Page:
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91
Tall Tales / Re: April 1, Fooling around making the coffee & toast
« Last post by Delmonico on April 21, 2024, 12:38:59 PM »
Going for groceries, Rita is making shrimp mac and cheese tonight, I'm making Sloppy Joes tomorrow and some homemade bread, going to make plenty and freeze.  Going to make extra iced tea and put it in quart jars undiluted.  Give us stuff for the rest of the week without having to do much.  A friend of Rita's is taking her and my youngest taking me, different hospitals.  Then Rita's daughter is going to pretend she is a responsible adult and going to stay here Tuesday night.  We are both supposed to do it outpatient but things can change.   
 
92
Books & Movies / Jane Got Her Gun
« Last post by middletownbob on April 21, 2024, 08:19:16 AM »
Watching this on Prime and seems pretty good, the guns used are period 1871 with mostly conversions ie Walker conversion is cool....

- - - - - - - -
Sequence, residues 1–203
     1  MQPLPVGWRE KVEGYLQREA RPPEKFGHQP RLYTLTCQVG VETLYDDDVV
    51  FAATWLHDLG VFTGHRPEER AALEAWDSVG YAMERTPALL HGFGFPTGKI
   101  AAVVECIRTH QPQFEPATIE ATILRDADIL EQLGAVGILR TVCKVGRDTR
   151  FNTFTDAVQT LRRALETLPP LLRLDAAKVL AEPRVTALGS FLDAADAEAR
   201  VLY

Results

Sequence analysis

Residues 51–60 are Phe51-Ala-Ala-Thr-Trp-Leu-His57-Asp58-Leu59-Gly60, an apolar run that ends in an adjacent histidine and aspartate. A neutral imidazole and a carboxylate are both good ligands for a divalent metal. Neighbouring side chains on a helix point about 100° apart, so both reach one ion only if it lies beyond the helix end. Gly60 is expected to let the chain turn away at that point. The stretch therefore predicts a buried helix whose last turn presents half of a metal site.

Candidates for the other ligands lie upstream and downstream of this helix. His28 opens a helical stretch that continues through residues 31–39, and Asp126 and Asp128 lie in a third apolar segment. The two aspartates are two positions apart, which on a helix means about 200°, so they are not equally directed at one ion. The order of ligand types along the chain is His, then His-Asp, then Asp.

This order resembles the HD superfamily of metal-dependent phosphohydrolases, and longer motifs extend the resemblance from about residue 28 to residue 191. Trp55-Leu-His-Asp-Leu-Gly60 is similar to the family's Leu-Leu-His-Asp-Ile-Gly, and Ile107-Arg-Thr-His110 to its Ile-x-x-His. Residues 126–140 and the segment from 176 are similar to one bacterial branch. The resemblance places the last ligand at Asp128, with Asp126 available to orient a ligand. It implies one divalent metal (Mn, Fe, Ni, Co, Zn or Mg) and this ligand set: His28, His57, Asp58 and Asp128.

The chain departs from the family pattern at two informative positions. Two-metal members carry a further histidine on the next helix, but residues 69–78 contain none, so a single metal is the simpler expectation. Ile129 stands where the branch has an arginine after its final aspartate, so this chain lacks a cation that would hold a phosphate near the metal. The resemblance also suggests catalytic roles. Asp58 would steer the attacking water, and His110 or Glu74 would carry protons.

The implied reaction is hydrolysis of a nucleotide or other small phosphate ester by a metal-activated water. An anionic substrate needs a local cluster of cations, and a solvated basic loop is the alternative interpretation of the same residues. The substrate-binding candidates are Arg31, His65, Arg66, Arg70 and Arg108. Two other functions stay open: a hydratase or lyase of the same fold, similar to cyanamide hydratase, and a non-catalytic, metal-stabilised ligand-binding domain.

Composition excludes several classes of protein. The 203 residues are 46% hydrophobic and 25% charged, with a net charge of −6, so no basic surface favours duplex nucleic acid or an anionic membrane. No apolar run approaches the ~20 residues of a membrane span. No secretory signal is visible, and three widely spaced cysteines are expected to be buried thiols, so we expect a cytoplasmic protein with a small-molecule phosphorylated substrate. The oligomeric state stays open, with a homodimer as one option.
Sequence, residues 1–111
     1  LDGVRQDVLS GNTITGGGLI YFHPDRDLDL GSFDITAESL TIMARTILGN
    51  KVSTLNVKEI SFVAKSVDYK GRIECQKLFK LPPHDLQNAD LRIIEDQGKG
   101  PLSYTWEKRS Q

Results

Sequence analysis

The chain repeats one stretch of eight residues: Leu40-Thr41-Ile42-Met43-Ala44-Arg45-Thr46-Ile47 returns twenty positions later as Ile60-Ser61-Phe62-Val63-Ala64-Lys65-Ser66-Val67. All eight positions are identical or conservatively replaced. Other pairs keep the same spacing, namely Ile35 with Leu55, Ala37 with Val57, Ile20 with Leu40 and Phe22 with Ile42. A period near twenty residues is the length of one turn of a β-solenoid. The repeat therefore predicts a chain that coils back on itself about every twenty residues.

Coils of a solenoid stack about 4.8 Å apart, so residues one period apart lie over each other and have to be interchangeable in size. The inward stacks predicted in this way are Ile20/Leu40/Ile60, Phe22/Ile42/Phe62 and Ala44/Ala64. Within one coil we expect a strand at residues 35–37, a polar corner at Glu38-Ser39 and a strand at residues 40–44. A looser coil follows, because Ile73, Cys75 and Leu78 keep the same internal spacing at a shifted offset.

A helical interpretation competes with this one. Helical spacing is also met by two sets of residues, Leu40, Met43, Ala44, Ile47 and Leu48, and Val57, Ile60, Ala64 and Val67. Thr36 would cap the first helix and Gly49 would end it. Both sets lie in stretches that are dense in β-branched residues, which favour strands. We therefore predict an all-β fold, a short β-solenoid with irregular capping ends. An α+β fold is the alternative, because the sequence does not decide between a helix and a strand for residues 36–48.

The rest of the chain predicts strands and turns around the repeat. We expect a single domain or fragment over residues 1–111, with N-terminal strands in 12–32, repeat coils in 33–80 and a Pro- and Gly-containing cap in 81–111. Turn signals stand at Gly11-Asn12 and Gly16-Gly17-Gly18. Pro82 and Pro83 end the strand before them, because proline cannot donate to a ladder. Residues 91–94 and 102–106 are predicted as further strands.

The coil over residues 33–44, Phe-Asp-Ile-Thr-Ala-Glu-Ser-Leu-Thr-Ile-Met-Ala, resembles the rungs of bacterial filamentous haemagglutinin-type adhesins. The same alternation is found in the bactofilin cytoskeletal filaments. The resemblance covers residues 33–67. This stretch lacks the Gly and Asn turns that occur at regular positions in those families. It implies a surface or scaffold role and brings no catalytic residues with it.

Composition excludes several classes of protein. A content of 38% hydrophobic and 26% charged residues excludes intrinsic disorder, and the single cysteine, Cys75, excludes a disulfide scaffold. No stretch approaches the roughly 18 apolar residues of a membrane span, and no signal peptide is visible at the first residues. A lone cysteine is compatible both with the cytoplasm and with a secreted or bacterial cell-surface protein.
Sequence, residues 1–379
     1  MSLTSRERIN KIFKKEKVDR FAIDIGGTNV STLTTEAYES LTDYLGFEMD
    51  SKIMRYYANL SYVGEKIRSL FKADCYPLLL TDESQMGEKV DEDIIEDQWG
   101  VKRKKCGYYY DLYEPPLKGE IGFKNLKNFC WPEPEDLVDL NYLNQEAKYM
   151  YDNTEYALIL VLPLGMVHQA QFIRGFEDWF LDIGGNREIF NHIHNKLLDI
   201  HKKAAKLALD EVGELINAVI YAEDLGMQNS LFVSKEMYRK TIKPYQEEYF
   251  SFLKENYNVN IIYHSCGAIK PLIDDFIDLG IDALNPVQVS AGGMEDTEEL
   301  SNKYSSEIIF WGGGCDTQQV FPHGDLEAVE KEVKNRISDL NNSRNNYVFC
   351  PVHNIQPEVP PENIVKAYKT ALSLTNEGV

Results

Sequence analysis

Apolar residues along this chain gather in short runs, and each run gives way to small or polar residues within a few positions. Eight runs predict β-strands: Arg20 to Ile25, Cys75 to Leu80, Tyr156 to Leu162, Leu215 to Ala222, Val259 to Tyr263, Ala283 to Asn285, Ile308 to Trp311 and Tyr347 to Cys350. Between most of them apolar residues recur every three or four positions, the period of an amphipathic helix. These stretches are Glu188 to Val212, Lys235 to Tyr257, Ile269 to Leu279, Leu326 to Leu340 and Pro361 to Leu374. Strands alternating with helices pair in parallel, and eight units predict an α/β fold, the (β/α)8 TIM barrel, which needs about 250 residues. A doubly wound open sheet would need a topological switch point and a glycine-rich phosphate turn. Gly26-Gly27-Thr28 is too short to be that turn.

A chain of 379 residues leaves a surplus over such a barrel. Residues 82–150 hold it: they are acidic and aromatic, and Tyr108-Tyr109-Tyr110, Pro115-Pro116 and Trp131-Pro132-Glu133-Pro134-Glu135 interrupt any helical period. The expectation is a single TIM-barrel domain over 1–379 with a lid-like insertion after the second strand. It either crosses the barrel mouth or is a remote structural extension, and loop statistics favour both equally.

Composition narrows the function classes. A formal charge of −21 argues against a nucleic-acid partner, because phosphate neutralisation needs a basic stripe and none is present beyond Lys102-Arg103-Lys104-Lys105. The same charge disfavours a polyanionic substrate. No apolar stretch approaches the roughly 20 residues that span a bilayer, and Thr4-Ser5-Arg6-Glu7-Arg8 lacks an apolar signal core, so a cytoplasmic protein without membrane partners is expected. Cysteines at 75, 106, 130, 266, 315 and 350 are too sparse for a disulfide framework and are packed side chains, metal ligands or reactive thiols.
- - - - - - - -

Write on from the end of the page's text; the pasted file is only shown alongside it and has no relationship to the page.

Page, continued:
93
Tall Tales / Re: April 1, Fooling around making the coffee & toast
« Last post by Silver Creek Slim on April 21, 2024, 07:44:06 AM »
Morning y'all.
Coffee and tea are hot.

Hmmm, if you think about it, yeah everything I have is at least no newer designed than mid- 20 century.
My new Smith is basically a J-frame first introduced in the 50's. and my Springfield EMP is an updated 9MM rendition of a 1911.
A scary black rifle. A Bushmaster XM15-E2S.

'Tis 25 and sunny. High of 57.

Slim
94
Upcoming Musters / Re: Dept. of the Missouri Muster
« Last post by Major 2 on April 21, 2024, 04:02:33 AM »
Here's hoping someone will record the "goings on" for posterity and those attending vicariously.
Looking forward to the photo's :)
 
95
Tall Tales / Re: April 1, Fooling around making the coffee & toast
« Last post by Major 2 on April 21, 2024, 03:56:30 AM »
Hmmm, if you think about it, yeah everything I have is at least no newer designed than mid- 20 century.
My new Smith is basically a J-frame first introduced in the 50's. and my Springfield EMP is an updated 9MM rendition of a 1911.



96
Tall Tales / Re: April 1, Fooling around making the coffee & toast
« Last post by Silver Creek Slim on April 20, 2024, 11:39:03 PM »